The F1 Mid-Season Review


Eleven Races, seven different winners, five different contenders and one Championship leader. There’s plenty to play for in this years Drivers Championship.

As we’re well into the summer break for this season, now is a good time to take stock while the teams take a well-earned rest. In this mid-season review series we’ll take a look at the performance of each team as a whole and also each driver’s performance. In this article we’ll look at the title contending teams.

Both drivers are contenders for another season

Red Bull: Currently leading the Constructor’s Championship, showing that they have the consistently quickest car. This is backed up by their drivers, Vettel and Webber, having bagged four pole positions in total – the most of any team. Currently the team is surrounded by allegations of rule breaking because the FIA has had to intervene about their front wing suspension as well as their engine mapping software. Nonetheless another strong season for Red Bull.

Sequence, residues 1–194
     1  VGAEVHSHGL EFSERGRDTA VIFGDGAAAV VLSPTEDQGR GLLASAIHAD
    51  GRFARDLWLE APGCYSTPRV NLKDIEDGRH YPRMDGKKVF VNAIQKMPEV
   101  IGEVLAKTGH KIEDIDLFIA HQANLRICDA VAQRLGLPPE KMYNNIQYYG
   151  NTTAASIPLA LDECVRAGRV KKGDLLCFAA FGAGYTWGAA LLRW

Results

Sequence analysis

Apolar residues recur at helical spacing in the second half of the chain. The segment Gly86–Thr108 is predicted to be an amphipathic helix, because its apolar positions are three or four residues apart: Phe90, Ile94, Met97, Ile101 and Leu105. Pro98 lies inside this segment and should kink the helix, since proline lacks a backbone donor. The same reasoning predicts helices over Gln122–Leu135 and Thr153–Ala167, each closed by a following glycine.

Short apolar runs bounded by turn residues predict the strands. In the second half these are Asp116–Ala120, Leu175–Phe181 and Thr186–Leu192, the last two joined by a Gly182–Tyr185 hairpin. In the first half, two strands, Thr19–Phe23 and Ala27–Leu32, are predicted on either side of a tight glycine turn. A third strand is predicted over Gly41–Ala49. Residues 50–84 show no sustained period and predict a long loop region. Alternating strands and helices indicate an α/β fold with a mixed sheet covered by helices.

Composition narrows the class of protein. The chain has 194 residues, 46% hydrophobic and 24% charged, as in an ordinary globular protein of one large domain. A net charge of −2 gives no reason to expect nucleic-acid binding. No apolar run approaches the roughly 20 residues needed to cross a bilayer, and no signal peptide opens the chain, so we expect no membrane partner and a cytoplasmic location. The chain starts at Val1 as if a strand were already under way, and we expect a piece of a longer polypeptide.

Sebastian Vettel: The reigning world champion is third in the title hunt and only five points in front of Hamilton – a poor display given that McLaren have been beset by problems throughout the season. His reputation as a pole master hasn’t faded – Vettel has three poles to his name, joint most this season- but his race pace has. Excluding a technical failure in Valencia where he had a 10 second lead, he just hasn’t been able to dominate like last year. That said, provided he can maintain his recent form, he’s a certain title contender.

Mark Webber: Another definite title challenger. For the last two seasons it’s been a case of bad luck or no luck for Mark. This season things seem to be going in his favour; consistently fast on race day. Having signed a contract keeping him with Red Bull for another year, he finally looks to be able to get that ever elusive title just within grasp. Some poor form of late, however, (eighth in the last two races) may be a sign that this title might slip through his fingers as well.